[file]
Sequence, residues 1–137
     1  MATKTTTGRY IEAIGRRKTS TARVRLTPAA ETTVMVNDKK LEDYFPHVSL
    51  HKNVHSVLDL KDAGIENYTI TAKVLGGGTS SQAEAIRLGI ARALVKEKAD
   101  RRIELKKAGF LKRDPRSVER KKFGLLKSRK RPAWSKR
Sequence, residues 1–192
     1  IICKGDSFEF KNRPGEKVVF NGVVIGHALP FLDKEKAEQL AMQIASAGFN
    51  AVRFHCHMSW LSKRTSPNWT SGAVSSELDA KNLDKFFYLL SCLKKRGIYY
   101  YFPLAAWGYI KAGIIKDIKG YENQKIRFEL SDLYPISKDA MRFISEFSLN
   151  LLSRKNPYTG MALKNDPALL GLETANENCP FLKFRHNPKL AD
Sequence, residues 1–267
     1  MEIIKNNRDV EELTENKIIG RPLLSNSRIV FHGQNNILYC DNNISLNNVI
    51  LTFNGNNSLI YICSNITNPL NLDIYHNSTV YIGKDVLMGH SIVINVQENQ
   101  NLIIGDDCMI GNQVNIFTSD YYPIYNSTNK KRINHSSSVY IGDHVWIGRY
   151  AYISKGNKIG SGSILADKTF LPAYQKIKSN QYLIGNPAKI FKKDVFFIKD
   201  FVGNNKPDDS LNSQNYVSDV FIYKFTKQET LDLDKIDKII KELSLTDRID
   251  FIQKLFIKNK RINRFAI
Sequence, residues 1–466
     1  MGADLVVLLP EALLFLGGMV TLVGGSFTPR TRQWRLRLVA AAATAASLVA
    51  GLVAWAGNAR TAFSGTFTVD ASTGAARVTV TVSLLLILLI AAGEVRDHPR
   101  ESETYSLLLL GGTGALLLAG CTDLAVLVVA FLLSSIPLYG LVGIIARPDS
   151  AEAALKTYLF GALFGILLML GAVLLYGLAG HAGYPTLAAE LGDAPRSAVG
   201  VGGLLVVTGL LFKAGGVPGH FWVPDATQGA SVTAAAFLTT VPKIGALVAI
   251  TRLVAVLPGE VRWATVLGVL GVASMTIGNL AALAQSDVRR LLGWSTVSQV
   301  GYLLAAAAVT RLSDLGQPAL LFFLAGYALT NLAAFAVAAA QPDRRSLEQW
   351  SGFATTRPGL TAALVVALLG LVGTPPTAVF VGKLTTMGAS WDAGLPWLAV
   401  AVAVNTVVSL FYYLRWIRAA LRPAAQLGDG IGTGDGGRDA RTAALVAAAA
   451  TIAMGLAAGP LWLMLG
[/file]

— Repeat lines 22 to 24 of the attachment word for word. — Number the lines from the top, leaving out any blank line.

   201  VGGLLVVTGL LFKAGGVPGH FWVPDATQGA SVTAAAFLTT VPKIGALVAI
   251  TRLVAVLPGE VRWATVLGVL GVASMTIGNL AALAQSDVRR LLGWSTVSQV
   301  GYLLAAAAVT RLSDLGQPAL LFFLAGYALT NLAAFAVAAA QPDRRSLEQW